These discussions highlighted the unique difficulties encountered by undocumented individuals, for whom different rules applied: “Yesterday I went to 2 different places … both of them were supposedly free, but you had to have a Social Security number. If you don’t, it’s not free. You have to pay $150… There isn’t much information for people who don’t have a Social Security number … I met a person who got it done… he had to go to New York because in Newark he didn’t find any… there isn’t the necessary information available for us to know how to go about this.”

    Vaccine Skepticism

    Participants’ experiences during the pandemic did not translate into acceptance of the COVID-19 vaccine. All groups had serious questions and wanted clear information. Black participants, especially, discussed distrust of the vaccine.

    Serious Questions About the Vaccine

    Serious questions about vaccines emerged. Some participants questioned how a vaccine for a novel virus could be developed so rapidly, when other diseases have been around for decades without successful vaccines: “I’m not interested in [the vaccine]… It’s a lot of things that have been out here for hundreds of years that you couldn’t find a vaccine for, but this here, in less than a year, you come up with a vaccine that’s supposed to cure it. So how do you have the vaccine so fast?”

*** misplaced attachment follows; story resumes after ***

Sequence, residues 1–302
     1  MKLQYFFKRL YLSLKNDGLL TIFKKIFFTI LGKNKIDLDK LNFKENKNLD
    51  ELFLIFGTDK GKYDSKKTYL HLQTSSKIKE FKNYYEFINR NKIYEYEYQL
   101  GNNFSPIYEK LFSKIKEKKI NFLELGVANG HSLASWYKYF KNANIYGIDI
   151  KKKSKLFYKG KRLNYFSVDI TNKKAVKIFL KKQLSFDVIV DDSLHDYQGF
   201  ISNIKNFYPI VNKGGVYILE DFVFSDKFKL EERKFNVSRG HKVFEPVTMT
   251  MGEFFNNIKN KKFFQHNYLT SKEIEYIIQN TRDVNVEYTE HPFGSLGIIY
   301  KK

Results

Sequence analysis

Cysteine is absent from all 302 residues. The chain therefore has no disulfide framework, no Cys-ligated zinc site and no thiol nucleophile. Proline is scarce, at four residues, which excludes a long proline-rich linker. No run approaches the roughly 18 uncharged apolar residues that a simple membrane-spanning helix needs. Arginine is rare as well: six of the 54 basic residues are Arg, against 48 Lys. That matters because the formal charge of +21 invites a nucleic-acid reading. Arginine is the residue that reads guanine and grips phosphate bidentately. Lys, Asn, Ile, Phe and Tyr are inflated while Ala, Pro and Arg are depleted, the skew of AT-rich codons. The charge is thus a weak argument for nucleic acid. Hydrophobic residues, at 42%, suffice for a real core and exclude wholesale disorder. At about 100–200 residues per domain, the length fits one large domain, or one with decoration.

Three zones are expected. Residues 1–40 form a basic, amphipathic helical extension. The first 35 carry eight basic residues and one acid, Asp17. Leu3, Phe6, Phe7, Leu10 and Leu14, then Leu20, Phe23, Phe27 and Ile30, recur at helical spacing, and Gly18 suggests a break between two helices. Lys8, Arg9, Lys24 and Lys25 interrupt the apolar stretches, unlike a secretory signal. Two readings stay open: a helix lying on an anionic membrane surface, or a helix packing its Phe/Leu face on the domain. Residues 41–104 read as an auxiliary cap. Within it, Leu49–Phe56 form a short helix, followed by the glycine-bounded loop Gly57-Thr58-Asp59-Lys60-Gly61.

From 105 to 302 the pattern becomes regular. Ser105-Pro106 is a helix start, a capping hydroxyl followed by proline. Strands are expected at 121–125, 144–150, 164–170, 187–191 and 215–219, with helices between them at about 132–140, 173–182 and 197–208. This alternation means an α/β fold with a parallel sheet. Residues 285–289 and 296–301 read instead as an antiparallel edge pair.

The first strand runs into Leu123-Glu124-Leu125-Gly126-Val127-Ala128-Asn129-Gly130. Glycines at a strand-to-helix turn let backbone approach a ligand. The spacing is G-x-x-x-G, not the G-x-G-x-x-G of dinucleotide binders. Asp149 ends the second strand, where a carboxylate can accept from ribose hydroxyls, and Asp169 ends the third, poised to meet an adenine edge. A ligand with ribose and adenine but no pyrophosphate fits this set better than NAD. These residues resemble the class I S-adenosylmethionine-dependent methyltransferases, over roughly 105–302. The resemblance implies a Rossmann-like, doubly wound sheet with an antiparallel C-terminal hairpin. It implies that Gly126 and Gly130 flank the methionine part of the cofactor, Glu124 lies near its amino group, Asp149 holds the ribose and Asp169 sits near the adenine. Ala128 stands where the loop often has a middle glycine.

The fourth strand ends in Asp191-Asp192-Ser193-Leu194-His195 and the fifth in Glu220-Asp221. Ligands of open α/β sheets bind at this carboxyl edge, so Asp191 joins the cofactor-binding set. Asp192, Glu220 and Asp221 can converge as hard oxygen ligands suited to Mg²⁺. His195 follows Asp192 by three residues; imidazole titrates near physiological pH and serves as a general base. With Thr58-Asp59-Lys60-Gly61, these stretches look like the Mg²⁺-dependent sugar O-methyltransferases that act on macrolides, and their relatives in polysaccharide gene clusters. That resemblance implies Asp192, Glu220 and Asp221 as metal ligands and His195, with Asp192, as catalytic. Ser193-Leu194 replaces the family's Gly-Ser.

Participants expressed concerns that the vaccine development process including the clinical trials had been “rushed.” Participants questioned the extent to which scientists understood whether the vaccine would be safe. They worried about the short-term and long-term adverse effects: “I wouldn’t feel confident about the vaccine because I wouldn’t know what the long-term side effects would be.”

    Participants wanted clear and transparent information on vaccine effectiveness. They questioned whether vaccines would work against COVID-19 variants. Participants also wanted information that was specific to their communities: “…I also think that doctors need to be well informed and transmit that information well to their patients… for example, our Hispanic community, which is different from the African or White communities—how has it affected us, what are our risks…”

    Given their concerns, many participants wanted to see how others would respond first: “The only way I would get the vaccine would be if the same scientists who created it, and the executives and owners of the companies who created the vaccine, and the President and the entire Cabinet got the vaccine, then I would get the vaccine.”